Data is playing an increasingly important role in smart buildings. Analysis of building system data is guiding an expansion of capabilities in the smart building environment, making building systems – including HVAC – more efficient and effective. The convergence of multiple building management systems is inevitable -- it's just a matter of time and it’s already happening. The data collected from the various systems make up a data profile that can be put to work to create new outcomes. Customers want to increase their control of environments using smart technology.
I spoke with the folks from Johnson Controls (JCI) about these topics at the recent AHR Expo in Orlando. As it relates to HVAC, they say data can guide system operation based on historical data and a variety of sensors that can determine, for example, that there are 15 to 20 people in a conference room and adjust the HVAC system accordingly. Contributing technologies include wifi access, smart phone connectivity, smart meeting room technologies and sensors such as proximity and heat systems. Sensors used for fire and security are augmenting data that can be used to guide the operation of HVAC systems.
Artificial intelligence (AI) and machine learning can do even more to optimize how systems operate
"Every generation of HVAC we launch is more energy-efficient and more environmentally friendly," says George Oliver, JCI Chairman and Chief Executive Officer. As the largest consumer of energy in a building's infrastructure, HVAC is the focus of efforts to improve efficiencies. Applying new tools such as artificial intelligence (AI) and machine learning can do even more to optimize how systems operate.
"We want to optimize the equipment, processes and sensor data to create a model to best operate a building," says Oliver. The benefit is a huge reduction in energy usage and lowering of the carbon footprint. The goal is to combine an energy-conscious view of operating a building while improving the customer experience. There are cost savings in the range of 20 to 40% of operating a system.
Building platforms, access control, and video management
Johnson Controls is seeking to incorporate new technologies into building platforms and control, as well as access control and video management.
“Buildings have so many kinds of systems, but how do we put all that together?” asks Oliver. Technology is coming together through protocols and an operational technology (OT)-informed world.
Johnson Controls has been working with direct channel partners and end users on enhancing their platform and improving their ability to manage data, whether in an existing building or new construction, to optimize how equipment is being utilized.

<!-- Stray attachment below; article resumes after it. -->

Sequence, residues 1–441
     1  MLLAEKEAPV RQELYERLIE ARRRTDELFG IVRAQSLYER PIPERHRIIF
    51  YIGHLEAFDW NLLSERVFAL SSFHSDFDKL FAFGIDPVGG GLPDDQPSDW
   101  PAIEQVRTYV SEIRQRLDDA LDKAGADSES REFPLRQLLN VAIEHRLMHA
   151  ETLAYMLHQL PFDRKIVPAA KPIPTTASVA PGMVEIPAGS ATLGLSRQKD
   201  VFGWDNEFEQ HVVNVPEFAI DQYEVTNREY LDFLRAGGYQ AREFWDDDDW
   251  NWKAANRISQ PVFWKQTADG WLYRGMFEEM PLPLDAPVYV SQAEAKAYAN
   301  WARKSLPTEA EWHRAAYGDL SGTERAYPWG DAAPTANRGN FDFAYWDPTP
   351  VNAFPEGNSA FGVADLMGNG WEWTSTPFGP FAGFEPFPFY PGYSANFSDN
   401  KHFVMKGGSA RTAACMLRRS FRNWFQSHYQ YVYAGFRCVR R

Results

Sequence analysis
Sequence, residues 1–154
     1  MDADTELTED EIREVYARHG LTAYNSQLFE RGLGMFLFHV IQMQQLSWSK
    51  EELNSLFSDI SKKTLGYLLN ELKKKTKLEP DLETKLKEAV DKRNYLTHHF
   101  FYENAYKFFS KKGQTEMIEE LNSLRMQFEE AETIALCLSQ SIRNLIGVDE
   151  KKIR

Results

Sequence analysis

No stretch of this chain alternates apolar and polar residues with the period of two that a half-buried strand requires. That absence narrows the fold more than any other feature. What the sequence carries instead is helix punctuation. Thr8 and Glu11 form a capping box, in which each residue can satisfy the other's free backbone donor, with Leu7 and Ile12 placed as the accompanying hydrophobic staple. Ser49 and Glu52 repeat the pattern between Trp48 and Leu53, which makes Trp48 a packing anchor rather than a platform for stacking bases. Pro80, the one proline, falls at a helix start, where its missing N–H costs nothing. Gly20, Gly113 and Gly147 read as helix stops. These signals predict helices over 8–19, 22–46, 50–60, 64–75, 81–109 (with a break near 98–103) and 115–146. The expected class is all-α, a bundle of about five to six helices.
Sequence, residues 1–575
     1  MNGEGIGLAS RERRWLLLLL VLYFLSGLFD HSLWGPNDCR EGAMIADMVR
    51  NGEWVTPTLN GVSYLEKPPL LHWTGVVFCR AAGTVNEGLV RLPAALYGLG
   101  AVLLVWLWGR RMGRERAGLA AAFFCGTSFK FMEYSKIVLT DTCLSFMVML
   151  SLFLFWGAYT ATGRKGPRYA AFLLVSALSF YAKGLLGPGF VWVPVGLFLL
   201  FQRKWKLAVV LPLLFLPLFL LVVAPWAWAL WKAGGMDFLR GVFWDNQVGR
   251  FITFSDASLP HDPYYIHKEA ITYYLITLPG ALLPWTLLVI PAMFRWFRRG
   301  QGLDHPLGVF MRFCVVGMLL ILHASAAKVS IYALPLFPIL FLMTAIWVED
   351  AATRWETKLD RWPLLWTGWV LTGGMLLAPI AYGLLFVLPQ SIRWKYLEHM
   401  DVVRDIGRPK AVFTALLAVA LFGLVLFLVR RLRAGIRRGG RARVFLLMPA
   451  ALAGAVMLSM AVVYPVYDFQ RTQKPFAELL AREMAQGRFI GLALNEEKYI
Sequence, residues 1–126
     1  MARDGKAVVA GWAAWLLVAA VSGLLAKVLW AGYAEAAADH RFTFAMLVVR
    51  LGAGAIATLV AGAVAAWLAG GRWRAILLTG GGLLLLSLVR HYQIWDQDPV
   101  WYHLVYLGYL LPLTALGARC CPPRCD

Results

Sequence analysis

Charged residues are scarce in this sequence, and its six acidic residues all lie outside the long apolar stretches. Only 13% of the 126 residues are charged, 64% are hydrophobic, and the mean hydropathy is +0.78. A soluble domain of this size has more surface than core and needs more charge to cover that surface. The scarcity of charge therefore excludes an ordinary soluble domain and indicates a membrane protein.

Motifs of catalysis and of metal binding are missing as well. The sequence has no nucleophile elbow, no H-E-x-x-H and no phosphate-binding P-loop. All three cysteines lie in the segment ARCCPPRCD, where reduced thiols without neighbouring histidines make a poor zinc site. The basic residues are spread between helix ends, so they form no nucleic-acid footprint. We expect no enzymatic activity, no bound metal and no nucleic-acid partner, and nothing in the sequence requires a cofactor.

Concepts of AI, machine learning, smart Internet of Things and “smart edge” guide how Johnson Controls operates as a company. A single data platform enables creation of a smart building today that incorporates an integrated, streamlined approach. The additional capabilities are being managed by Android or iOS “apps.”
Adopting new technologies
The user environment of HVAC has been slow to change"
“The user environment of HVAC has been slow to change, but it is accelerating now with adoption of new technologies,” says Mike Ellis, JCI Executive Vice President and Chief Customer and Digital Officer. Adoption of new HVAC equipment is critical to modernizing systems, and the new equipment works alongside the trend to “digitization.” “The industry is at an inflection point in a positive way, and is accepting the technology,” said Ellis. “What we’re hearing from customers is that they want to make a difference, create a differentiation, and bring it together in a unique way.”
But will existing players (like JCI) drive the changes, or will it come from outside, high-tech firms? “We believe the domain players inherit an advantage because they really understand the importance of data in the building environment. Among collected data, the secret is: What data is important and how is it analyzed? How is that technology deployed? Industrial companies have the right ecosystem to make it happen, based on 130 years of seeing how buildings operate.”
“We realize the industry is being disrupted, which begins at the top,” says Oliver.
“Smart edge” refers to the remarkable amount of expertise at the edge of the network, where tens of years of data informs the building “science.” The resource is impossible to duplicate.
Johnson Controls is working with end-customers to define and direct how JCI is moving the company forward. The accelerated roadmap is based on the experience of people in the buildings.
“We are right at the heart of major global trends – sustainability, connectivity and data, and cyber- and physical security,” says Oliver.